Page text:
I try to attend at least two or three leadership conferences each year. There is a lot of value in hearing talented, gifted people share their stories and experiences. In addition to hearing great speakers, the conversations with other attendees are priceless. Some of my greatest learnings and takeaways have happened over a cup of coffee in-between sessions with like-minded leaders.
Rewind several years ago and you could find me, not at two or three, but at several conferences throughout the year.
I confess, I was a conference junkie.
I was at every conference that my time and budget allowed. If conference paraphernalia (pens, notebooks, lanyards, etc) are considered trophies, I had enough to fill two cases. One of the opening questions almost always asked at the beginning of each event was, “Are you ready to drink from a firehose over the next two days?” For a junkie like me, there was only one answer.
When the conference ended, I returned home and in a few months, I was already looking for the next fix. Conference junkies always have associated behaviors; especially when the junkie is a lead pastor. Here are some of those behaviors and signs:
1. Changing the direction and vision of your church to align with the main talking points from the conference, which will change again after the next conference.
2. Toying with the idea of firing current staff and hiring edgy, cool people so your church will be edgy and cool…to reach people for Jesus, of course.
3. Returning home hyped and stoked and ready to take the city for Jesus, only to become super frustrated because no one else is.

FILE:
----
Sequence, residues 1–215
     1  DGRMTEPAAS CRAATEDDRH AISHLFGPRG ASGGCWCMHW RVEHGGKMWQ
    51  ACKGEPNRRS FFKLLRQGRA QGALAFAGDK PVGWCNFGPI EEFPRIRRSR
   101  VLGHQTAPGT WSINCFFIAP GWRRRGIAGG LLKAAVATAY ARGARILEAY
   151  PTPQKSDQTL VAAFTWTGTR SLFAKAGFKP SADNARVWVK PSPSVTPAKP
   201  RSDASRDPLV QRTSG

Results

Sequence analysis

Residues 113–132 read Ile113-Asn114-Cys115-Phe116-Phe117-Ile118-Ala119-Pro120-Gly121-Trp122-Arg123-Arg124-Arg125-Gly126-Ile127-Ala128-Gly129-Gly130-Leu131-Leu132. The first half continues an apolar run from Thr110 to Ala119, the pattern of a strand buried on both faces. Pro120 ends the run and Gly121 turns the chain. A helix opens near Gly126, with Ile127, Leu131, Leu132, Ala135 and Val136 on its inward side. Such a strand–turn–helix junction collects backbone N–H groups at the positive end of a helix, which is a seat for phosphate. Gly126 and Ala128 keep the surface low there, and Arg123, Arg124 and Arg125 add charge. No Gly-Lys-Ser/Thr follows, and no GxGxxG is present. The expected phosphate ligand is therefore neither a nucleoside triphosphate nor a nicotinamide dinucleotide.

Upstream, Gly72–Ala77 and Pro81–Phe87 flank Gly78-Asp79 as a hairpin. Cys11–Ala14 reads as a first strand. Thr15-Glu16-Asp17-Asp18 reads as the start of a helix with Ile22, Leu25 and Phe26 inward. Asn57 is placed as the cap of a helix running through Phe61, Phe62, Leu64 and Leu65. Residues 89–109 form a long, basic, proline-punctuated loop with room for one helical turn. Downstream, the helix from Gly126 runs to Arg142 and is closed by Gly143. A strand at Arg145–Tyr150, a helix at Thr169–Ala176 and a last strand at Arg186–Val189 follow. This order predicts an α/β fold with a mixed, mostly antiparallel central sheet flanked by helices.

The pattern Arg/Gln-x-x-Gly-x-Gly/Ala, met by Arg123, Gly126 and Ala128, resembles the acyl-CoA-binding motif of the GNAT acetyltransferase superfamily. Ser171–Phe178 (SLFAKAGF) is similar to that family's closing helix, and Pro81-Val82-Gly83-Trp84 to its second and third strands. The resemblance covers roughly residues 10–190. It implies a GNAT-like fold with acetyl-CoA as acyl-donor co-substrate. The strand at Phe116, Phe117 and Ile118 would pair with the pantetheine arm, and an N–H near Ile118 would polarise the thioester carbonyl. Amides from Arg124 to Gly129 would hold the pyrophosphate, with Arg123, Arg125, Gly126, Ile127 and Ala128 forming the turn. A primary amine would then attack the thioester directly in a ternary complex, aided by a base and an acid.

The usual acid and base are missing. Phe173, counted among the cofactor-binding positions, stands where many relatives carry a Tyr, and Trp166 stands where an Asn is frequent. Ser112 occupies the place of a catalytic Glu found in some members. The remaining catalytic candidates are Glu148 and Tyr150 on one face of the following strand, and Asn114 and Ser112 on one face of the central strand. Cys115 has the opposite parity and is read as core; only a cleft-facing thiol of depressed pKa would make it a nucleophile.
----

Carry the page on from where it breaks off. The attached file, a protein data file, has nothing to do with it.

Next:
4. Mentioning the name of conference speakers and books more than the name of Jesus and the Bible.
Now that I’m older, my youthful brown hair has sprouted a few grays and I have fully recovered from being a conference junkie.
Don’t get me wrong, I still enjoy conferences. I seldom leave one without capturing pages of great content in my journal. I encourage the pastors I work with at The Unstuck Group to attend conferences as well. However, I don’t want them becoming junkies and don’t want their church or team to be at the mercy of whatever emotional high they’re on after returning home.
Here’s the reality:
As appealing as it sounds, drinking from a fire hose is incredibly hard to do. The water comes fast and you get soaked…but you are unable to drink very much. It can be disheartening to be saturated in content, and still be thirsty.
Firehose experiences are exhilarating; listening to great content from great speakers can build excitement. But teams need more than emotional enthusiasm; they need solid planning and strategy that empowers and executes the vision. They need to see the vision happen. They’ll follow that.
My encouragement to you is simply this: Go to the conference and get soaked by the firehose. It’ll help you dream and you’ll learn great things. But don’t let it end there. Solid strategy and execution require persistence, best practices and patience. Finding a coaching or consulting relationship is one of the best ways to move from content saturation to strategic implementation. When experienced mentors speak into your life, focus heightens and the things you learn at conferences can become tools for growth and impact.